"Need for Speed" Review: Craig's First Take

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Fresh from prison, a street racer who was framed by a wealthy business associate joins a cross country race with revenge in mind. His ex-partner, learning of the plan, places a massive bounty on his head as the race begins.
1.5

Jesse Pinkman is jumping over to speed now, and I don’t mean the drug. In a movie that makes “Fast and the Furious” look like “Hamlet” (the first couple at least), “Need for Speed” makes the always intense actor Aaron Paul into as much of an action star as “Transformers” made Shia LeBeouf one, which is to say not at all.

He plays Tobey, a New York mechanic heavily into the road racing scene who gets a 2 year prison stint after being wrongfully accused of vehicular homicide. Even he should admit, the sentence seems fairly lenient. His goal upon release is to get back at the guy who did it, Dino (Dominic Cooper), a former drag racer himself who hit the big time but still feels threatened by Tobey’s finesse behind the wheel.

Upon being released from prison, Tobey and Julia (Imogeen Poots), a car-smart businesswoman, drive cross-country behind the wheel of a souped-up Ford Mustang, obnoxiously creating disturbances so that cops will chase them (this is how they tell if the car handles well), but they’re also hoping to catch the eye of some eccentric billionaire called the Monarch (Michael Keaton) who must spend most of his time either sitting in a lighthouse doing a podcast or watching the news channels in the hopes he’ll see a car chase good enough to offer entry to the chasee into his road race, the De Leon.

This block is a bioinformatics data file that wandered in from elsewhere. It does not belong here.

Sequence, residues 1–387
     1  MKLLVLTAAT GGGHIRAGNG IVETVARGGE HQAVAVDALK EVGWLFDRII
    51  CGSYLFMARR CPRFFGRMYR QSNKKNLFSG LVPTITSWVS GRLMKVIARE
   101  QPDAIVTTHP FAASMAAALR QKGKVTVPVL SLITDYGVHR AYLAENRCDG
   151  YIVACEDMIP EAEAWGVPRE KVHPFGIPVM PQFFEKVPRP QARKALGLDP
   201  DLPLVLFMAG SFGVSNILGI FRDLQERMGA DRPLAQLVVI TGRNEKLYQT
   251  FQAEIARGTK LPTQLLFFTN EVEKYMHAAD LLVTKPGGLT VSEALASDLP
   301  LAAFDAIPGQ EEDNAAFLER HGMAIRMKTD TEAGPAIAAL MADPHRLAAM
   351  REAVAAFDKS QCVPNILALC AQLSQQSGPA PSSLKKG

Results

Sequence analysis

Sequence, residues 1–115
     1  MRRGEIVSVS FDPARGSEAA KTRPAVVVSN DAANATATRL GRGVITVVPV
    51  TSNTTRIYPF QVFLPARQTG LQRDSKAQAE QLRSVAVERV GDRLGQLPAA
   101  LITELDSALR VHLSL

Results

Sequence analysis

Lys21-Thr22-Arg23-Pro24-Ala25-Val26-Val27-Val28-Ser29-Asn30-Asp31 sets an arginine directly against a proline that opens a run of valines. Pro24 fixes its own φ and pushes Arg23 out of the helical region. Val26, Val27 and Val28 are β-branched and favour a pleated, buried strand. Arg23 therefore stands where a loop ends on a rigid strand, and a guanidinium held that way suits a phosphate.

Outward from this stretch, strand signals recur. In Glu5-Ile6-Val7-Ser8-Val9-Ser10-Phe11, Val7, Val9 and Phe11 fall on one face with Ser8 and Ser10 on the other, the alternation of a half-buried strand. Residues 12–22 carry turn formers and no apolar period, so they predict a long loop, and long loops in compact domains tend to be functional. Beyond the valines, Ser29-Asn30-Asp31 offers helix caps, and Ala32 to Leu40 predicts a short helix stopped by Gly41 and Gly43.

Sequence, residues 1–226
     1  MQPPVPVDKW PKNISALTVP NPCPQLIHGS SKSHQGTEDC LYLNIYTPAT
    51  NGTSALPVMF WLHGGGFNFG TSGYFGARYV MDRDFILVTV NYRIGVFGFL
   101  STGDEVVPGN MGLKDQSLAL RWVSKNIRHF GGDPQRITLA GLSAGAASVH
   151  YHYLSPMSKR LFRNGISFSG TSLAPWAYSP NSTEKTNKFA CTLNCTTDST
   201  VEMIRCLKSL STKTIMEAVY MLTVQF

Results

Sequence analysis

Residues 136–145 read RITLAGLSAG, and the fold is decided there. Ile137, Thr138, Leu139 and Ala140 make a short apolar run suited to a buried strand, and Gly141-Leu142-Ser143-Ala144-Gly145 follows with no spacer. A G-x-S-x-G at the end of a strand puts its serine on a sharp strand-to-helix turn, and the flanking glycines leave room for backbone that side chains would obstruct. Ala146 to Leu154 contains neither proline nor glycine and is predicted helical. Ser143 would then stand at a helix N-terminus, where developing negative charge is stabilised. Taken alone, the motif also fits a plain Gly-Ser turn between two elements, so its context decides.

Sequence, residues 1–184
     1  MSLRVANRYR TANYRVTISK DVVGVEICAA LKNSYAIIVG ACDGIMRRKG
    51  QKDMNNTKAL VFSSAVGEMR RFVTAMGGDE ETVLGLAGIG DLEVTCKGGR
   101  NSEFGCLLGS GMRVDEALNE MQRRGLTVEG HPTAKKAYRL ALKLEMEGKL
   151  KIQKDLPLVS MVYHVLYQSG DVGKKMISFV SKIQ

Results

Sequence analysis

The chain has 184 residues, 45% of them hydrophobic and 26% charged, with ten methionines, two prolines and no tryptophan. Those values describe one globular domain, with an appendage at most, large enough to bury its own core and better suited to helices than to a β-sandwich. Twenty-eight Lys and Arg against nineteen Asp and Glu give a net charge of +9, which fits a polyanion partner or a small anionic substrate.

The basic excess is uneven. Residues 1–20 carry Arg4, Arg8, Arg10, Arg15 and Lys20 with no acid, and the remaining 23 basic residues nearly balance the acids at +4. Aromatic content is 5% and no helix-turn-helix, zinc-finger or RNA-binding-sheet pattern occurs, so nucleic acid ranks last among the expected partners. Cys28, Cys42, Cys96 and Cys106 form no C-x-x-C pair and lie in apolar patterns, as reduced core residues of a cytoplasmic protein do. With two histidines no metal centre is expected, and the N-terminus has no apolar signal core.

Dino of course is in the race already and wants Tobey stopped because he’s a pussy and so he publically puts a bounty on Tobey through the Monarch’s radio show, yet for some reason we have to wait longer for it to finally be proven he’s a sociopath.

A character quitting his job by removing his clothes and walking out of the office stark naked aside, no one in this movie acts in any logical way and creating a plot that’s this slight and foreseeable, and then making it over 2 hours long as well, is ridiculous. Directed by Scott Waugh, the man who took real Navy Seals and asked them to non-act in the worst episode of “24” ever in “Act of Valor”, makes sure the movie lives up to the fast-car/slow brain mantra but some of this stuff is so over the top really all you can do is laugh at it.    

And when you watch all these pedestrian cars swerving off the road or getting smashed into so these jerk-offs can prove which one is a better driver, it didn’t make me want to root for it, it just made me angry. Yeah, it’s a movie based on a video game and I should probably take that into account (and I did, there are about as many decent jokes in this movie as you might find in “Call of Duty” and emotional high points are all done with exclamation points) but I’m guessing that playing the video game doesn’t take this long (an absurd 2 hours and 10 minutes), doesn’t ask you to think about how stupid it really is, and doesn’t make you wonder if the people in that very real-looking SUV that went off the road are injured or worse, dead.

Stars: 1.5 out of 5